College Draft Player Breakdown sports

2018 Prospect Watch: Futures/Raw

The “futures/raw” section of my prospect watch deals with players that are currently going to college; no high schoolers like RJ Barrett.  Some of these players are under the radar talents that in time could develop to be first round or possibly lottery picks.  Some others are just players who have a skill or two that translates to the NBA, and with enough year-to-year progress could end up on draft boards.  These are players who you might not know now but could know in a year or two.  No seniors allowed.  


Chuma Okeke, PF/C, Auburn, FR

6’8/230 pounds/7’ wingspan/19.5 years old

~ Chuma Okeke has been under utilized on the bench for most of the season.  Sitting behind upperclassmen Anfernee McLemore and Horace Spencer Okeke was averaging 20 minutes per game.  In that time span I saw someone who could be a Channing Frye or Kyle Kuzma at the next level; the potential was there.  But either because lack of playing time, lack of aggression, lack of confidence or unwilling coaching the full arsenal of skill for Okeke laid dormant.  With the recent season ending injury to McLemore has now given Okeke a bump in playing time to roughly 30 minutes a game so far.  I’m interested to see if Bruce Pearl continues to play Okeke that many minutes but with the offensive skill that Okeke possesses it’s hard to believe he won’t. 

The first thing that stands out for Okeke is his NBA size.  Being 6’8 with a 7’ wingspan and a good athlete really highlights his potential as a versatile player.  His athleticism isn’t overpowering and his foot speed could stand to improve but his length and accumen make up for having just good athleticism.  The biggest reason why he made this list was his pick-and-pop play.  Okeke has shot 42.6% from three, 1.25 PPP (points per possession) on spot up and catch-and-shoot attempts which is excellent.  He is constantly setting screens and fanning out to the three point line.  Whether or not he gets the ball the mere fact he is a threat off pick-and-pops opens up driving lanes for ball handlers and puts pressure on defensive pick-and-roll coverages.  He also can create when pushed off the line.  Okeke has a 1.00 PPP on all jump shots off the dribble which ranks 84th percentile.  His handle could use some work especially his weak hand but Okeke can pump fake, put the ball on the floor and either attack the basket or shoot the midrange.  He really doesn’t go to his off-the-bounce game that much and relies heavily on pick-and-pop but in the limited amount of off-the-bounce attempts he’s had so far so good.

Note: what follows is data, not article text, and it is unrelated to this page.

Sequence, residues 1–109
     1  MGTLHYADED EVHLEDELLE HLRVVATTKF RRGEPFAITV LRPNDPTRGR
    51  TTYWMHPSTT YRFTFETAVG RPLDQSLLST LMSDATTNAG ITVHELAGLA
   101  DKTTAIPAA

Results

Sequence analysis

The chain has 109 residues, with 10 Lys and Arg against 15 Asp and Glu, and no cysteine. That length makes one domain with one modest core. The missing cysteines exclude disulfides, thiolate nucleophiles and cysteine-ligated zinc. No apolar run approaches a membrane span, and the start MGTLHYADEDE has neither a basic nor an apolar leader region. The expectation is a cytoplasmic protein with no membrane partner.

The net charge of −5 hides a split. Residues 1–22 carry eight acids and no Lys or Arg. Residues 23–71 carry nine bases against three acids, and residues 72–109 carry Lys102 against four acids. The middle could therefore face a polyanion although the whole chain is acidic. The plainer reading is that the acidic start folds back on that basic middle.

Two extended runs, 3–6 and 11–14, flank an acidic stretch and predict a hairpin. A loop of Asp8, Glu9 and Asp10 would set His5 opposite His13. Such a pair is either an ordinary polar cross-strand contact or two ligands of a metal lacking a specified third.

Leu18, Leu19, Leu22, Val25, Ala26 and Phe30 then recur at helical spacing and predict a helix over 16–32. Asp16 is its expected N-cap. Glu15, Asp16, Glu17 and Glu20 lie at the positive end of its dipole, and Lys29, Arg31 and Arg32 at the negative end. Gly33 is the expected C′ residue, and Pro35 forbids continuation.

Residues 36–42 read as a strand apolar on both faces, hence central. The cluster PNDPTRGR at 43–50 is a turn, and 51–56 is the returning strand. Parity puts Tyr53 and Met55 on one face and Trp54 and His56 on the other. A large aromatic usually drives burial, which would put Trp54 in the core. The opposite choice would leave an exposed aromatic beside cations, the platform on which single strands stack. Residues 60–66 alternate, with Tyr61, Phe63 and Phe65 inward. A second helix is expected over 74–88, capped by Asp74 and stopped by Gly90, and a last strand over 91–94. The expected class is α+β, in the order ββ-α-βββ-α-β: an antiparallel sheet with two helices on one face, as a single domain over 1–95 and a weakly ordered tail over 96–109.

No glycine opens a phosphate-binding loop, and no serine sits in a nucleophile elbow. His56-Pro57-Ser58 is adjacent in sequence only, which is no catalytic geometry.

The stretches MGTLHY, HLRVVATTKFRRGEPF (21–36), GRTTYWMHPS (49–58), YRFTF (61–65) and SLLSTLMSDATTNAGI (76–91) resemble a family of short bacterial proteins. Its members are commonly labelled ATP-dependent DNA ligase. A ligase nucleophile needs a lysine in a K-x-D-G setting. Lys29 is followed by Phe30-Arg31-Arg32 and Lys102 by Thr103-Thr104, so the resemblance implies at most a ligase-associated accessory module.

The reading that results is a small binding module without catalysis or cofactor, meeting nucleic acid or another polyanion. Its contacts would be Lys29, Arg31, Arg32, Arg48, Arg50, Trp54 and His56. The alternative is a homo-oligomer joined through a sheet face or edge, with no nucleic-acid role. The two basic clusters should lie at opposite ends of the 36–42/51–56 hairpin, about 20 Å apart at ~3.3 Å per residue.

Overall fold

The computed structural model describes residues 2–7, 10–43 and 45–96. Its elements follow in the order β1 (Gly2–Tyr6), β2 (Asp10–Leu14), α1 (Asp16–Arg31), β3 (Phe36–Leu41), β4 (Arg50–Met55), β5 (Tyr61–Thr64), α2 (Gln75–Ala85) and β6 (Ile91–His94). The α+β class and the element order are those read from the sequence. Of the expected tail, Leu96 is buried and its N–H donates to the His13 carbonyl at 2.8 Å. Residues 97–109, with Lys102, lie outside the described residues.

Even though he is a good pick-and-pop player Okeke needs to improve his diving skills.  Of the 39 pick-and-roll “roll man” opportunities Okeke has had this year, 34 have been pick-and-pop, 4 he’s slipped the screen and just one was a roll to the basket.  That is something I need to see more of.  Being able to pick-and-pop, drive off the dribble and roll to the rim are three important abilities for “bigs” in the NBA.  Without proper context it’s hard to grade that skill.  He’s also not a post up factor yet and I don’t know if that’s a big worry.  8.2% of his plays are post ups and he’s .647 PPP which is below average.  He definitely could stand to add some up-and-under moves, hook shot with either hand and refine his low block footwork but that isn’t a necessity in the NBA anymore.  Every time I see Okeke at the low block he usually either cuts or fills the three point area.  He can go pinch post every so often and show off his underrated passing skills; he makes great decisions and the ball never sticks with Okeke.     

Defense has been up and down for Okeke.  The Tigers either go 2-3 zone or man-to-man.  I actually think Okeke has done a better job of man-to-man instead of 2-3 zone.  When Okeke goes man-to-man he understands pick-and-roll coverages and rotations better.  But when he goes zone he has trouble guarding and communicating an area and making the correct reads.  When the front line of the zone breaks down he doesn’t wall off the drive in time.  His rim protection skills are questionable since he lacks elite foot speed.  He has quick hands so he can cause deflections and turnovers but defense is an area of improvement for Okeke.  Okeke might be a three to four year college player at Auburn.  There are multiple players playing his position on the Auburn roster and if it wasn’t for an injury his playing time would be limited this season.  Kyle Kuzma stayed three years and Channing Frye stayed four years so I wouldn’t expect anything different from Okeke.  He has shown next level skills that over time can develop into an NBA player.                 

*All stats provided by Synergy Sports Technology* 

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